Jeni
  • I love cilantro, but don't use it as often as I used to as my husband isn't a fan. This sounds wonderful, I'll just have to make it for myself when he's out of town!

    Erin
  • I love cilantro, and I tend to use a lot of it. Sometimes, though, it does get kind of shoved off to the side and devolves into slime. Keeping a paper towel in the bag with the cilantro seems to stave off the inevitable for about a week.

    Fearless Kitchen
  • I forget about cilantro after my first use of it too. What an excellent idea this recipe is. The way that romanesco is makes it look like weed.

    Katie B
  • I'm glad to see I'm not the only person who's never had Romanesco before. They are very cute! Unlike you, I have a hard time keeping cilantro in the fridge. My husband puts it on everything! However, I will buy an extra bunch next time I'm at the store just so I can make these noodles. Yum!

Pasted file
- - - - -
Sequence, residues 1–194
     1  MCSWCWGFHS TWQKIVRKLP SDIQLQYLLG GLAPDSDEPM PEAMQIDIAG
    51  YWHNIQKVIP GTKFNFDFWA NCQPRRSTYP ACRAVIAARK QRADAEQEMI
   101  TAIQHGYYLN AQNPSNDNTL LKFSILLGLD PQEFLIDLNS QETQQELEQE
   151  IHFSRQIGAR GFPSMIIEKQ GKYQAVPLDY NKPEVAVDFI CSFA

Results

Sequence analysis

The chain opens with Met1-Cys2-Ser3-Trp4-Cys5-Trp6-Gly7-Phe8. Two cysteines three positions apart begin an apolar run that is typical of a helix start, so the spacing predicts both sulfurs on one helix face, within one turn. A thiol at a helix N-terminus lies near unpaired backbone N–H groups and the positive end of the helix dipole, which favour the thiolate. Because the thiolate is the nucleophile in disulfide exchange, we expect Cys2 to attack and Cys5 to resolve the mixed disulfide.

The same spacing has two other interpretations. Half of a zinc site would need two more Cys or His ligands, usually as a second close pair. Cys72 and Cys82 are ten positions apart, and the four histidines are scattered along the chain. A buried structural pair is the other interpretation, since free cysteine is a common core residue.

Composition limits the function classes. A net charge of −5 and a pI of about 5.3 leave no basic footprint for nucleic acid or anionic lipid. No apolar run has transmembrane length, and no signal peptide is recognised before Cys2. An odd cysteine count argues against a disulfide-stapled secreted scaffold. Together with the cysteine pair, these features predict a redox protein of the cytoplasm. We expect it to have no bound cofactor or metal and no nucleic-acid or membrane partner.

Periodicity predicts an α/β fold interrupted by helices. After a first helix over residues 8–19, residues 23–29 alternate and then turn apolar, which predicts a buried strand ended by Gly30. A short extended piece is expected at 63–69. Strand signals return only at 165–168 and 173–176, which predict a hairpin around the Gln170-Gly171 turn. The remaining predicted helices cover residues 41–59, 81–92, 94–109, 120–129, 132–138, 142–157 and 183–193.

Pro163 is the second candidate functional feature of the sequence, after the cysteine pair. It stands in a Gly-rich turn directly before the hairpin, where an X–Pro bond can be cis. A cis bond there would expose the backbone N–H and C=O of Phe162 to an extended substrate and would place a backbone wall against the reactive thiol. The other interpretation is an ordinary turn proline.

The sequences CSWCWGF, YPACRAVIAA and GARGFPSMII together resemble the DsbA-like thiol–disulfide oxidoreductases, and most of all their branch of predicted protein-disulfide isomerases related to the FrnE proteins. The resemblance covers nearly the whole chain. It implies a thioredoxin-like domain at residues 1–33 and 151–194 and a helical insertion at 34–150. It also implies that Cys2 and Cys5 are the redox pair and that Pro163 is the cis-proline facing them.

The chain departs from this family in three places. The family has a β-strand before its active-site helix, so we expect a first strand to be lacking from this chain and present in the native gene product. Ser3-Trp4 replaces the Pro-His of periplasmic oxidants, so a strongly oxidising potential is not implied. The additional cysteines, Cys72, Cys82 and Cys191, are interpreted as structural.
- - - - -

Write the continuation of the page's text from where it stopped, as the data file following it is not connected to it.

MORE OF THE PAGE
Cate
  • Romanesco? Is that what those pinecone looking things are? Ha! I've never seen that before. Sounds like a lovely dish though I am consistent in overcooking soba noodles and turning them to mush. As for the about-to-go-bad herb problem, I've been adding them to my juicer and punching up fresh fruit juices!

    Michelle @ What Does Your Body Good?
  • A simple idea but a great one. Like you, I'm guilty of letting big bunches of cilantro waste away in my refrigerator too often. Soba is one of my favorite noodle, and I am certain I will try what you did sometime soon, but probably with broccoli.

    Bentoist
  • Not necessarily with cilantro, but that happens all the time to me also! Ahh, the benefits of a herb garden, to take a small sprig whenever you need it and no waste!

    Madeleine